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If You’re Going To Lie To Your Employees, Tell Better Lies or Hire Stupider Employees

May 4, 2017

I knew he was lying. I’m pretty sure he knew I knew he was lying. What I couldn’t figure out was exactly why he was lying.

I had four call centers across the United States. One in Salt Lake City and three other ones in various time zones. Our offices were on the fourth floor of our Salt Lake City center. “Us” included me, the other members of my team, my manager and his manager. The other members of my team were assigned to different accounts. Those accounts also had call centers across the US and around the world. However, other than the fourth floor, everyone else in our building worked on my account. Even half the fourth floor was devoted to my account managers, schedulers and the Vice President responsible for my account.

They announced that our team was going to be moving to a new building across town. We would be joining the executives for our company in a building in South Salt Lake. In many ways, this new building was an improvement for me. It was closer by about 20 minutes to my house in Pleasant Grove. Also, it was within walking distance of the train station, so I could skip taking my car.

But, despite the advantages, the drawbacks were even bigger. After the move was announced, I requested that I get to remain in our old building.

Why would you want to do that?

Well, all of my agents are here.

Not all of them, right? You have three other call centers too. You can’t be onsite at those other three, so I don’t see how you need to be onsite here.

His comment made no sense. “You can’t be everywhere, so we won’t let you be anywhere.” Huh? I, enlisted the lobbying efforts of the client, who wanted me within walking distance of the production floor if there was an outage. I talked to senior management that was staying in building. He didn’t want to interfere with the decisions of his team managers, a position I certainly respect, but he did offer me a desk for the times I would be back in the building.

I thought I had a winning argument when I talked to the account managers.

As the IT representative, they rely on me to resolve IT issues in the building.

Well, you need to teach them to go directly to the engineering teams themeselves. They shouldn’t be relying on you to be that interface.

Even though I’m the designated IT interface?

Uh. . .yeah.

It made no sense. Eventually, I quit trying to figure out the logic of it. There was none. Certain people didn’t want me in my production building and they didn’t want to tell me why they didn’t want me in the building. So, I moved. And once or twice per week, instead of taking the train to our new building in south Salt Lake, I drove to the old building. As the weeks and months wore on, it became increasingly challenging to keep that schedule. Every trip was scrutinized. Every decision to go North instead of South had to be justified. Eventually, I was told I would have to start submitting an agenda in advance describing the goals I hoped to accomplish and then submit a follow up report explaining who I’d met with and what was discussed while in the old building.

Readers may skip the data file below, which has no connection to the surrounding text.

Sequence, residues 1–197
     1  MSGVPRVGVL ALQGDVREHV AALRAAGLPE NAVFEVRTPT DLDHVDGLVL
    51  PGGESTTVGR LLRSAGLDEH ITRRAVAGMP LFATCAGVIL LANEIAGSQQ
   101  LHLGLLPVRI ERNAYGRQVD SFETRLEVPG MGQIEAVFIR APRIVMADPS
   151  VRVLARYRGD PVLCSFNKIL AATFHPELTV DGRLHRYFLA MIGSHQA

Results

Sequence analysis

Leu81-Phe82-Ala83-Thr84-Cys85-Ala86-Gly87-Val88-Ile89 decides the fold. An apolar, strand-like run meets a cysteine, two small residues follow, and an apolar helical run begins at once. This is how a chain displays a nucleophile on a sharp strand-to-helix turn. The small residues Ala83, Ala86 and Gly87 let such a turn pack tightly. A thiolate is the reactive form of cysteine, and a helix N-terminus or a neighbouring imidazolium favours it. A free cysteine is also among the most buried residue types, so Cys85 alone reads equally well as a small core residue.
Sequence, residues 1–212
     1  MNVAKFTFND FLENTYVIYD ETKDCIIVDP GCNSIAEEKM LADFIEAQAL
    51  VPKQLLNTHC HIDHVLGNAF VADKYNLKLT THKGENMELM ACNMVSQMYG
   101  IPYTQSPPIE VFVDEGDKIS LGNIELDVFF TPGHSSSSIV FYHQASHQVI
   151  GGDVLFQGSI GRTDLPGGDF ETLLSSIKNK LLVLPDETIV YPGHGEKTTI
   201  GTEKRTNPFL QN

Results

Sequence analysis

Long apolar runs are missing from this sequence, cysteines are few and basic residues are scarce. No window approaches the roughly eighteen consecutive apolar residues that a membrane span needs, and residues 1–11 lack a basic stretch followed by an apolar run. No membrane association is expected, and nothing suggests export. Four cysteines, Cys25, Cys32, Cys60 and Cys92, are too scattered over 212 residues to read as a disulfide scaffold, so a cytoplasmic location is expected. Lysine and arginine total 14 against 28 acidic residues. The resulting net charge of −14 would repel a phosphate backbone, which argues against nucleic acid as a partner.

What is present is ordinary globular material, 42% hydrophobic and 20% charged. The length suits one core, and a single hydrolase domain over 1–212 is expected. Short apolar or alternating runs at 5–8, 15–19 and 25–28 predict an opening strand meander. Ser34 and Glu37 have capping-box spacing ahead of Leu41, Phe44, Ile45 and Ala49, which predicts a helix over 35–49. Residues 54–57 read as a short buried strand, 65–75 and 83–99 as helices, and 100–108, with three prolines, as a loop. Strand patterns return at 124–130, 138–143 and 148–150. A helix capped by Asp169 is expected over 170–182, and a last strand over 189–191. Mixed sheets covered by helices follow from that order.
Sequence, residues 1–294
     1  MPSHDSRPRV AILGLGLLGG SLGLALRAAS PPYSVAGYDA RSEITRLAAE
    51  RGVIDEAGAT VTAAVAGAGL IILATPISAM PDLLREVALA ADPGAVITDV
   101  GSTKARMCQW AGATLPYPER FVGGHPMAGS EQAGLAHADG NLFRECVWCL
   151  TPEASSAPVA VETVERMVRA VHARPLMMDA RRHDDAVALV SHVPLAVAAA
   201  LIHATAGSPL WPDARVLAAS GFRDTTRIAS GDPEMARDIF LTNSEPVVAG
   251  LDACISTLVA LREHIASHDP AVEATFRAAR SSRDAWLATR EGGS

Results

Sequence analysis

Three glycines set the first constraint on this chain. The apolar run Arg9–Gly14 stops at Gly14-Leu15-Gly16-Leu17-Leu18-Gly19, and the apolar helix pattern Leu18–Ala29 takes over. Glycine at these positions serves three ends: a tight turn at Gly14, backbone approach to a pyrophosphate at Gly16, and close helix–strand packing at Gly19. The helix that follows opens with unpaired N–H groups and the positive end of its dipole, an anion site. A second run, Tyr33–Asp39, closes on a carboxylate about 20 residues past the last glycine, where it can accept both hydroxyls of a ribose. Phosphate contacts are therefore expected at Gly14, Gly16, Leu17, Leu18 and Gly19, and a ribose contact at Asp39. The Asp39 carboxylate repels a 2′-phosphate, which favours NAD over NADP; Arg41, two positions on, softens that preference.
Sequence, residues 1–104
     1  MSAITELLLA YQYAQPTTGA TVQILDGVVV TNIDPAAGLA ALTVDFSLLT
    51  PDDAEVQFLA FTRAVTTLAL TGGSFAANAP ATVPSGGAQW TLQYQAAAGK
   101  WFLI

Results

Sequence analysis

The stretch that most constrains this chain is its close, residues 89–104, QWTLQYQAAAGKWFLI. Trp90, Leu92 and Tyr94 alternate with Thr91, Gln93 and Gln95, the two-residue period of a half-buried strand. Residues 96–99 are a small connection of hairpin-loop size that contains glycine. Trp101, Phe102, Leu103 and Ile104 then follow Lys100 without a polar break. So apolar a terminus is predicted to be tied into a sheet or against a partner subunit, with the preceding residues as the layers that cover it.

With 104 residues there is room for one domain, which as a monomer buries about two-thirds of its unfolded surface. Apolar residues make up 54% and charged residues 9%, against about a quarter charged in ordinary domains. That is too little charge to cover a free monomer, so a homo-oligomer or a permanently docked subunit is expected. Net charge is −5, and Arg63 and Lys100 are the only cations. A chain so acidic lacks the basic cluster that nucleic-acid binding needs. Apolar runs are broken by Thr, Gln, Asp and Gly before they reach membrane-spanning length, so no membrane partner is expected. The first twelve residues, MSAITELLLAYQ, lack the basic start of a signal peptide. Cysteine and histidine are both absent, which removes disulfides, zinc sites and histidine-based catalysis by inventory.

Clearly, it was a stalling tactic. An extra task to make it more onerous for me to decide to work in our production building. The truth eventually came out.

What do I tell the account managers when they ask me why I’m in South Salt Lake?

What do you mean?

I mean, how do I answer the question, “Why is it more productive here? Why shouldn’t I be working in the old building?”

Maybe he’d gotten frustrated too. Maybe he was tired of the months long tug-of-war. Whatever the reason, he blurted out in a fit of honesty,

Tell them that I don’t feel you can be trusted to put in a full day’s work if no one is paying attention.

Well, there it was. I’d suspected that was the suspicion. And it was laughable. I regularly worked nights, weekends and 8-12 hour days. Finally knowing the true objection, I was able to address it. In fact, my job situation improved dramatically just by knowing that I was no longer being lied to.

Soon, I was back in our old building fulltime working more hours than ever. By naming the issue we could build a plan around resolving concerns.

It’s a bad idea to lie to your employees. But, if you are going to lie to them, make sure you either lie well, or hire employees stupid enough to fall for the bad lies.

Rodney M Bliss is an author, columnist and IT Consultant. His blog updates every weekday. He lives in Pleasant Grove, UT with his lovely wife, thirteen children and grandchildren. 

Follow him on
Twitter (@rodneymbliss
Facebook (www.facebook.com/rbliss
LinkedIn (www.LinkedIn.com/in/rbliss)
or email him at rbliss at msn dot com

(c) 2017 Rodney M Bliss, all rights reserved 

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